AIA MBA Joint Committee logo   spacer
About UsBest Practices GuidesGlossaryHot TopicsContact UsHome
  Best Practices Guides

Drawings & Specifications



Temporary Services

Bonds, Insurance, & Liability

Safety Responsibilities

Release of Liens

Procurements & Supplements


Project Collaboration - Best Practices

  New construction

Procurements & Supplements

Section I-7
Design-Build Delivery System

Design-Build is a method of project delivery in which one firm assumes the responsibility for both the design and the construction of a project. The one firm is known as the Design-Builder, Design-Build Contractor, Design-Build Entity or the Master Builder. This single entity delivery system is used to minimize the project risk for an Owner and to reduce the delivery schedule by overlapping the design phase and construction phase of a project. In this system, the design, permit, and construction schedules are all combined in order to streamline the process. The time it takes to complete the individual tasks of creating Construction Documents, acquiring building and other permits, or actually constructing the building are not reduced, but an environment is created where these tasks can be done concurrently rather than sequentially.

Typically, in a Design-Build project one entity takes the lead; if this entity is a Contractor, the process may be known as "Contractor-led Design-Build." If the entity is a design firm, the process may be known as "Design-led Design-Build." In either case, the organization employed by the Owner rarely handles both aspects of design and construction in-house. The Design-Build entity often subcontracts with construction personnel if design-led, or with Architects and Engineers if Contractor-led.

Potential Advantages of Design-Build
Among the chief advantages of the Design-Build delivery system are:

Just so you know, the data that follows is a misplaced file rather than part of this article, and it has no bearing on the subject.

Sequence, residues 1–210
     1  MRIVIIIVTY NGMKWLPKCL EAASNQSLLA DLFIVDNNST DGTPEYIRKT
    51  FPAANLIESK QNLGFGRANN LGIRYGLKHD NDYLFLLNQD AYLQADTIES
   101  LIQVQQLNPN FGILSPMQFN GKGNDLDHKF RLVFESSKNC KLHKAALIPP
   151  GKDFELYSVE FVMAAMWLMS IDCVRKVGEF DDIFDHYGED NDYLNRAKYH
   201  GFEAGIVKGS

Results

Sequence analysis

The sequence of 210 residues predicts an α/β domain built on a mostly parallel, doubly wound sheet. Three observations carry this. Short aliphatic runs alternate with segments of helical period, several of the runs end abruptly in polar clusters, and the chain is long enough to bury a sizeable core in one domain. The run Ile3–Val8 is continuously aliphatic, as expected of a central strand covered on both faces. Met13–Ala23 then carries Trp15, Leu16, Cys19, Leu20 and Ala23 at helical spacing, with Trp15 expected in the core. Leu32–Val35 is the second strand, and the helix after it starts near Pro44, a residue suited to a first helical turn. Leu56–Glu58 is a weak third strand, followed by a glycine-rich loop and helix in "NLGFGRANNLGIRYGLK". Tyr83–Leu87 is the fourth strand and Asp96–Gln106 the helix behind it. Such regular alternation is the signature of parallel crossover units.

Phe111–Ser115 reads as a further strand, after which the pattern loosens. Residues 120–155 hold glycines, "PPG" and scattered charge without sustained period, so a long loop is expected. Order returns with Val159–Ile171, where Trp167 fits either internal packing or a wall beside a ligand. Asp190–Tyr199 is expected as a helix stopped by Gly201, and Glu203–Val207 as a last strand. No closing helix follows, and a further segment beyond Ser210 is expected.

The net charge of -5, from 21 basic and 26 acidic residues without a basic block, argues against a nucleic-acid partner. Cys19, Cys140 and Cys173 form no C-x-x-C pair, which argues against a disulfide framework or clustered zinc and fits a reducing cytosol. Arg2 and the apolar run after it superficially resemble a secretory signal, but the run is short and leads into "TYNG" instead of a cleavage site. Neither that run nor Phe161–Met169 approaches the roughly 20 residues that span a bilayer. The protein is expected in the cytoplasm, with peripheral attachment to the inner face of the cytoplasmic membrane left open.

• Schedule compression allowing for earlier occupancy;
  • Integrated solutions;
  • Single point of contact;
  • Focus on maximizing the value to the Owner.

It is important to note that the Design-Build method, while not focused on saving the Owner construction costs, can often save the Owner money on the overall project. An earlier occupancy date usually yields considerable overall profitability to the project and may make seemingly unfeasible projects into genuine opportunities. The schedule compression is an important aspect of the implementation of this system.

Rather than a distributed level of responsibility, as is customary of the classic Design-Bid-Build, Design-Build provides an integrated solution for the Owner. This moves projects away from the adversarial relationships between the Owner, Design Professional, and Contractor that are often commonplace in traditional delivery systems.

Instead of having several contractors and consultants, an Owner only has one entity to deal with. Design revisions, project feedback, budgeting, permitting, construction issues, change orders, and billing can all be routed through the Design-Build entity. This single point of contact allows a certain degree of flexibility for the Owner. Most Design-Builders will leverage that flexibility for the Owner's benefit by continually refining the construction schedule to maximize the Owner's value at the completion of the project.

Typically, in order for a Contractor to bid on a project, very specific details relating to the methods and materials must be given to avoid any ambiguity and to allow for an equitable comparison of bids. In a Design-Build context, the Owner, the Owner's other consultants, and the Design-Builder can work together to determine what methods and materials will maximize the Owner's value. In instances where marginally more expensive materials, designs, or construction methods might yield a higher return on investment for the Owner than those of lower cost, the Owner is free to adjust the project's program without having to re-bid the entire project.

Potential Disadvantages of Design-Build
Potential problems of the design-build process include:

  • Premature cost estimating;
  • Short-cut design process;
  • Decreased accountability by the service provider;
  • The need to correct completed work.